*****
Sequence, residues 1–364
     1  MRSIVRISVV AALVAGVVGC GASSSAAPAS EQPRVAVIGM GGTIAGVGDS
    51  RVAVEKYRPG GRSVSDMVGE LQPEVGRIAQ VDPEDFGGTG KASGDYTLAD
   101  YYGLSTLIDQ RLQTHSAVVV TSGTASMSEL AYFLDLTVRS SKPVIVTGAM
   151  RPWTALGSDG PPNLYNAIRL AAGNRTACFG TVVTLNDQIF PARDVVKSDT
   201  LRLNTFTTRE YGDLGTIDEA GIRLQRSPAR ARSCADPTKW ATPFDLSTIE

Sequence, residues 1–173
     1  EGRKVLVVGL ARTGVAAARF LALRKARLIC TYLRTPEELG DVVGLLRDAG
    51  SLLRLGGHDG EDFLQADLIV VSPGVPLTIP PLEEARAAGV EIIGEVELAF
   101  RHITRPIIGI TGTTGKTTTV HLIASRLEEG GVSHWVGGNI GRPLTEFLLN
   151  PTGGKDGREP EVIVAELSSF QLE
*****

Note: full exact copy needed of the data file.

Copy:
Sequence, residues 1–364
     1  MRSIVRISVV AALVAGVVGC GASSSAAPAS EQPRVAVIGM GGTIAGVGDS
    51  RVAVEKYRPG GRSVSDMVGE LQPEVGRIAQ VDPEDFGGTG KASGDYTLAD
   101  YYGLSTLIDQ RLQTHSAVVV TSGTASMSEL AYFLDLTVRS SKPVIVTGAM
   151  RPWTALGSDG PPNLYNAIRL AAGNRTACFG TVVTLNDQIF PARDVVKSDT
   201  LRLNTFTTRE YGDLGTIDEA GIRLQRSPAR ARSCADPTKW ATPFDLSTIE

Sequence, residues 1–173
     1  EGRKVLVVGL ARTGVAAARF LALRKARLIC TYLRTPEELG DVVGLLRDAG
    51  SLLRLGGHDG EDFLQADLIV VSPGVPLTIP PLEEARAAGV EIIGEVELAF
   101  RHITRPIIGI TGTTGKTTTV HLIASRLEEG GVSHWVGGNI GRPLTEFLLN
   151  PTGGKDGREP EVIVAELSSF QLE